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New Law Requires NY Students To Observe Moment Of Silence On 9/11

Child places flowers on 9/11 Memorial
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Just in time for the 18th anniversary of 9/11, New York state approved a law mandating that schools observe a moment of silence on the anniversary of the attack.

 

The New York Post reports, "The law calls for a brief moment of silence at the beginning of the school day every 9/11 to encourage dialogue and education in the classroom among a new generation of students who weren’t alive during the 2001 terror attacks ... "

New York Governor Andrew Cuomo, who signed the bill into law, stated, "9/11 was one of the single darkest periods in this state's and this nation's history, and we owe it to those we lost and to the countless heroes who ran toward danger that day and the days that followed to do everything we can to keep their memory alive. By establishing this annual day of remembrance and a brief moment of silence in public schools, we will help ensure we never forget — not just the pain of that moment but of the courage, sacrifice and outpouring of love that defined our response."

State Sen. Joseph Addabbo and Assemblywoman Stacey Pheffer Amato, both Democrats, sponsored the law. Amato stated:

 

Students graduating from High School as part of the Class of 2019 were just newborns during the terrorists attacks of September 11, 2001, and soon enough there will be no students in the national public school system born at the time of 9/11. By mandating a brief moment of silent reflection every year, we may ensure that future generations will better understand this day and its significance in our history.

 

Addabbo added:

The average school-age citizen in New York may have no personal recollection of these events, having not yet been born in 2001, making it imperative that our public education system take the time to educate students in both the loss and heroism experienced on 9/11. By mandating a moment of reflection every year on the September 11th Remembrance Day, we are encouraging dialogue and education in the classroom, and ensuring that future generations will better understand this day and its place in history. Many families within my district were deeply impacted by the tragic events of 9/11 and I certainly had them in mind when working on this legislation … Since 2001, our country has been united through four simple words, 'We will never forget' and with the governor signing this measure, we can ensure that all school children will continue to keep those words active in their hearts and minds.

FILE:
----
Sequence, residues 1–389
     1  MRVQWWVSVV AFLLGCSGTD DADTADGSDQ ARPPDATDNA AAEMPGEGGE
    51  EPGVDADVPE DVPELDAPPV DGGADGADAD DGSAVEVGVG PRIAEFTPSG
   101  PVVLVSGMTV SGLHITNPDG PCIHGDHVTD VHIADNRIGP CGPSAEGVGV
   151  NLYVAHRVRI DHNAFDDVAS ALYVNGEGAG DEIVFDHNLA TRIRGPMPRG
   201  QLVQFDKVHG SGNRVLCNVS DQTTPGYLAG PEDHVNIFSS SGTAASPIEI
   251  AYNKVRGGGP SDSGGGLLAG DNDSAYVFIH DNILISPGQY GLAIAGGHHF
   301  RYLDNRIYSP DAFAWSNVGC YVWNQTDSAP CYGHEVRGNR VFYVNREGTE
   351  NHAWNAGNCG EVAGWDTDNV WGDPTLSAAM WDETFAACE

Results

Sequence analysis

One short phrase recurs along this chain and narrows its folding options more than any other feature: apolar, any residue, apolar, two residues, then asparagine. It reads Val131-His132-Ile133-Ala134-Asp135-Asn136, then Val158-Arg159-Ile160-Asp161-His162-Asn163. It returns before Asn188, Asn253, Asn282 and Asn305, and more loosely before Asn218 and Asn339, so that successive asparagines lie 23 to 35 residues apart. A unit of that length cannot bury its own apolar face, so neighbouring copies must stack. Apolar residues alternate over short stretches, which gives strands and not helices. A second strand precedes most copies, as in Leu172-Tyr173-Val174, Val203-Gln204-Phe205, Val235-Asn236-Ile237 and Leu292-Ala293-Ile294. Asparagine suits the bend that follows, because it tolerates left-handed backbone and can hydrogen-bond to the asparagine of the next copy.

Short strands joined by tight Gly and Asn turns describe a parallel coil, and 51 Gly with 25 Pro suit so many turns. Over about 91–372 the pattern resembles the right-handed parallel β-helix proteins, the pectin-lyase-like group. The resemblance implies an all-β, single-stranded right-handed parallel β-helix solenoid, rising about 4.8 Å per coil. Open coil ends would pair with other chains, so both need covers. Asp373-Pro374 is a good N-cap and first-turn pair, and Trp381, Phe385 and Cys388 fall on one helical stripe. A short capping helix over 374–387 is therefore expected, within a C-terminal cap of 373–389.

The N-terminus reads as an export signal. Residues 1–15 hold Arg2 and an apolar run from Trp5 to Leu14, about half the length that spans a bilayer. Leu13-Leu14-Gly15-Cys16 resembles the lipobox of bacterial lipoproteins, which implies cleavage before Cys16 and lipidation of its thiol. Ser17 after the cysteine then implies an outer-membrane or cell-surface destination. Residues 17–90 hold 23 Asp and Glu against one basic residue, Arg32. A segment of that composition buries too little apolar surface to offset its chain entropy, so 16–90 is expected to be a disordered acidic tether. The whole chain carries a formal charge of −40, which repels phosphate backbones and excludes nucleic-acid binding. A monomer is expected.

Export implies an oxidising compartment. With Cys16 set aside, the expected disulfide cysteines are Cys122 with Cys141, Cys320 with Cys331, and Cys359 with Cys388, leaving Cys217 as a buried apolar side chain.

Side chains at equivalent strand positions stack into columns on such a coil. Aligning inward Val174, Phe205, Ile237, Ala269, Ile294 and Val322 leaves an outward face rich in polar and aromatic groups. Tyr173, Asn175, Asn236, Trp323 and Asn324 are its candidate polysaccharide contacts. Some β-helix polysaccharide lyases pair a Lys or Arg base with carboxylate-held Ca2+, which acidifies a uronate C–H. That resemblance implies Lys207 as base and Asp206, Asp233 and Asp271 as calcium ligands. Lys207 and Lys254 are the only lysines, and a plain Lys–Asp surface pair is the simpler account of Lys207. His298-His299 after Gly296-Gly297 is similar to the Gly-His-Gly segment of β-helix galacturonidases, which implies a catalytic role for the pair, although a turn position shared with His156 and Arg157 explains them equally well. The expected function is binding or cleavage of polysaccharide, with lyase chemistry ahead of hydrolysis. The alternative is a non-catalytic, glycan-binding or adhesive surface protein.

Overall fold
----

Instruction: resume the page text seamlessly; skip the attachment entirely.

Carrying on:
CBS News reported, "On Wednesday, the 9/11 Memorial and Museum will commemorate the lives lost with a ceremony honoring those killed at the World Trade Center, Pentagon and aboard Flight 93 — as well as the 1993 World Trade Center bombing. As has happened in years past, the names of those killed will be read during Wednesday's ceremony. Last year, some families of victims infused their own, personal messages of remembrance, inspiration and concern … During the ceremony at the 9/11 Museum and Memorial, the site will only be accessible to relatives of those killed in the September 11th attacks."

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